Missing the old neighborhood
I Am Wide Awake
I have no doubt that anyone reading even the first few sentences of this column will guess my age and they will definitely be right on the money. Yet, although I am not a kid anymore and I’ve gone through the so-called many phases of life, I do not consider myself a close-minded person. I am very much up to date with technology, and I feel very much at home with different kinds of software. I do pay my bills online, and guess what? I just connected my iPhone to the printer through wi-fi, which made me feel I am pretty much in touch with our new reality.
But when I recently signed up to one of those social media apps that helps bring neighbors together and gives the people who live around us a sense of community and fellowship, that’s when I realized how old fashioned and outdated my way of connecting with people has been. And it appeared that the only way I might have a sense of joy and connectedness with neighbors is if my skills are, using a tech word, “upgraded.” Which means that instead of a face-to-face and personal interaction, I should use an app to communicate with people who live only a stone’s throw away from my house.
And this is exactly where I felt an inner resistance and total unwillingness to adapt to this new reality of what a neighbor and neighborhood means to me. In fact, I actually felt that emotional need to somehow transport myself to those olden days, where instead of scrolling up and down the screen to find out what’s going on in the neighborhood, I wanted to actually feel and sense the person, the beating of his or her heart, the facial expressions and the tone of voice of the person I am in touch with.
Oh boy, now the reader will definitely know my true age, especially when I tell the story of when, decades ago, neighbors watched my aunt climb the roof of her house and shout from the top of her lungs informing the folks in town that her daughter just had a baby girl who is as beautiful as a mermaid and that the baby had blue eyes like her old Uncle Samuel, and curly hair like old Aunt Martha.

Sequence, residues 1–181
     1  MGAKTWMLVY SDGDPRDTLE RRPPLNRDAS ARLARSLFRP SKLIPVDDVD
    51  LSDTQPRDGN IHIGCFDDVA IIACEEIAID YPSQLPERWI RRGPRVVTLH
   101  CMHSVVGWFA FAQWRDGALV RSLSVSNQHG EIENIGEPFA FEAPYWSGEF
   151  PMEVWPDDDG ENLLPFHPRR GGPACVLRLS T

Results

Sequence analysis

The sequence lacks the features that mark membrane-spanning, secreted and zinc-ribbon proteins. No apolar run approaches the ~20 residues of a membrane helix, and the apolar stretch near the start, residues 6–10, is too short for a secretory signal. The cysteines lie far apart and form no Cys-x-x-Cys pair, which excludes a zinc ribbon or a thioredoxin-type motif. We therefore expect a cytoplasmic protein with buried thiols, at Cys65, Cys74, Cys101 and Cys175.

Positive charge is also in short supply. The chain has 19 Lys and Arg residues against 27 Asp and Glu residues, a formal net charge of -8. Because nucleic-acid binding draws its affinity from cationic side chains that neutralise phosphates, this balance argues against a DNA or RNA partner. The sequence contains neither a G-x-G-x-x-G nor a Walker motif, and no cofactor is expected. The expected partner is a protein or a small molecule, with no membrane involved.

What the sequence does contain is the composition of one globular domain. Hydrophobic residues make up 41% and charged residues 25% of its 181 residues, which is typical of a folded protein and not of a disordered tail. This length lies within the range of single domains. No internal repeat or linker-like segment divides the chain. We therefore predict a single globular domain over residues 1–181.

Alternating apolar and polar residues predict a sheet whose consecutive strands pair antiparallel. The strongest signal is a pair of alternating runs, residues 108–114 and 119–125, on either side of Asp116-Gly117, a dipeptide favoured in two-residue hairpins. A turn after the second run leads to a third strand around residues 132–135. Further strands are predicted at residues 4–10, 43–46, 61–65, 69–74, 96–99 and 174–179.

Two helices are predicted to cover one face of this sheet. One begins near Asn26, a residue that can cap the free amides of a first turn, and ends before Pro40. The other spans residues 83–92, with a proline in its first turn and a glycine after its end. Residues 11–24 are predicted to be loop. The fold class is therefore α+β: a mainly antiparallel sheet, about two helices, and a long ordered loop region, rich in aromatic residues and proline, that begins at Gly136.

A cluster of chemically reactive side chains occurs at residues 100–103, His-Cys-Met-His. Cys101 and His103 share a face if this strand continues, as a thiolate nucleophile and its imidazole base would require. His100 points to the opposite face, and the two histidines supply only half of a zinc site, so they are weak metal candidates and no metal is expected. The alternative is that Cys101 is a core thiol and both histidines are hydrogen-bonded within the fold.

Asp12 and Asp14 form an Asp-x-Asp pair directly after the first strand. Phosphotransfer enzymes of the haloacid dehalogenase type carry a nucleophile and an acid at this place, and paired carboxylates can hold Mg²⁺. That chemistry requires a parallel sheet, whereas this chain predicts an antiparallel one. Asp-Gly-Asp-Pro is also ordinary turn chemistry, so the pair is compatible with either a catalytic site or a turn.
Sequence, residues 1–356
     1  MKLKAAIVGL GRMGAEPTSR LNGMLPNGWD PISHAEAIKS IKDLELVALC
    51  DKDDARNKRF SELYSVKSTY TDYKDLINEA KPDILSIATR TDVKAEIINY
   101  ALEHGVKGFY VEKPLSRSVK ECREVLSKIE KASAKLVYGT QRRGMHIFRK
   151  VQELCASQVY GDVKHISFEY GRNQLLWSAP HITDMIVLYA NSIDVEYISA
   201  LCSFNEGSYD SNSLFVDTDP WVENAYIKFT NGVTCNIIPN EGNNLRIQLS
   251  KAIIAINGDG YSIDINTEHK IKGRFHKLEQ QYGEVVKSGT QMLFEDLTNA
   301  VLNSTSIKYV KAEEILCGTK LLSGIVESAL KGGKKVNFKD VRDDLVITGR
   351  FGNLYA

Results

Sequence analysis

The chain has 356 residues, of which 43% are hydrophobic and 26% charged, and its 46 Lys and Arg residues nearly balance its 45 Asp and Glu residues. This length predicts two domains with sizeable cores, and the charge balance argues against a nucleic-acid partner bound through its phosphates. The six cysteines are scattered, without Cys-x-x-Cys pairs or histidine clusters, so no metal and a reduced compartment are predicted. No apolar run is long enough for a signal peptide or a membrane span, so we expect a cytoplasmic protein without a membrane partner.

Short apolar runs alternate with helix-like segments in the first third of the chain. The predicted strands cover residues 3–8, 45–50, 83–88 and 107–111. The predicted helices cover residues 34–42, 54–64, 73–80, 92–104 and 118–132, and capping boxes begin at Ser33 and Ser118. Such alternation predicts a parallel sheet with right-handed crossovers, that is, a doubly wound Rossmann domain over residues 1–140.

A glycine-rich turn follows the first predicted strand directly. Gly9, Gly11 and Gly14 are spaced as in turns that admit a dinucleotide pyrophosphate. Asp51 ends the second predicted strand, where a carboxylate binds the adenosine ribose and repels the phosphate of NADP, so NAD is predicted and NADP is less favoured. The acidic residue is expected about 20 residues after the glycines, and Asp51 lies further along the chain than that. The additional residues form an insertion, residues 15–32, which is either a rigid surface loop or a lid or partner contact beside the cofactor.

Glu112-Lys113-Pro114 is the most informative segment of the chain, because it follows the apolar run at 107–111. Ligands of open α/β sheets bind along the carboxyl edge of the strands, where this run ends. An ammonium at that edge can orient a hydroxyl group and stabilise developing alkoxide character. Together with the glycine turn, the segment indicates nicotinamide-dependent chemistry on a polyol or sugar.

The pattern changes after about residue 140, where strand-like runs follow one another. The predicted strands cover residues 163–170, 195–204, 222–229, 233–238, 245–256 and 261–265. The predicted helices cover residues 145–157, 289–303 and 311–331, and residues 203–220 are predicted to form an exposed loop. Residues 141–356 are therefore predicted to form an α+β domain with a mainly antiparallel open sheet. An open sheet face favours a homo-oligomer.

The echo of that announcement reverberated from window to window, door to door and from mouth to ear until the entire neighborhood knew all about the baby girl who had blue eyes and curly hair. And in return they whispered prayers and expressed wishes of health and happiness for the parents and the new baby. And that’s exactly how news was broadcast and how people expressed their feelings of joy and sadness in those now forgotten pre-tech days.
But that’s exactly why having been brought up in an old-fashioned neighborhood, I felt it was perfectly normal for me when my wife and I first moved to this beautiful town of Lakeville, to walk across the street and knock at the door of my neighbor and ask if they have any advice in finding someone who can shovel out the snow. And to my surprise and astonishment, my new neighbor, who couldn’t even pronounce my name, told me that he would be delighted to plow the snow himself and that will be without any charge. And that was for me like a homecoming thousands of miles away from my birthplace.
To this day, I am still a believer of getting my information from an actual person, a human being with whom I can share a laugh, a shake of hands and at some point perhaps a cup of coffee and, why not, sometime in the very near future a backyard barbecue with all the members of our families.
But things have changed. Don’t I know it?
And even an old-school fellow like me understands the hazards of openness with neighbors who might seem friendly but might intrude on our privacy and cause trouble. Yet, I will always before login to another neighborhood app will not hesitate to knock on a neighbor’s door, say, “Hello neighbor,” and after a little chat about the best or worst pizza place in town, I will ask if he has any suggestions on where to buy a Christmas tree.
And that’s the flesh and blood kind of neighborhood I am still longing for. Which proves the saying that you can take the man out of the old neighborhood, but you can’t take the old neighborhood out of the man.
Varoujan Froundjian is a digital artist and writer. He can be reached at: firstname.lastname@example.org.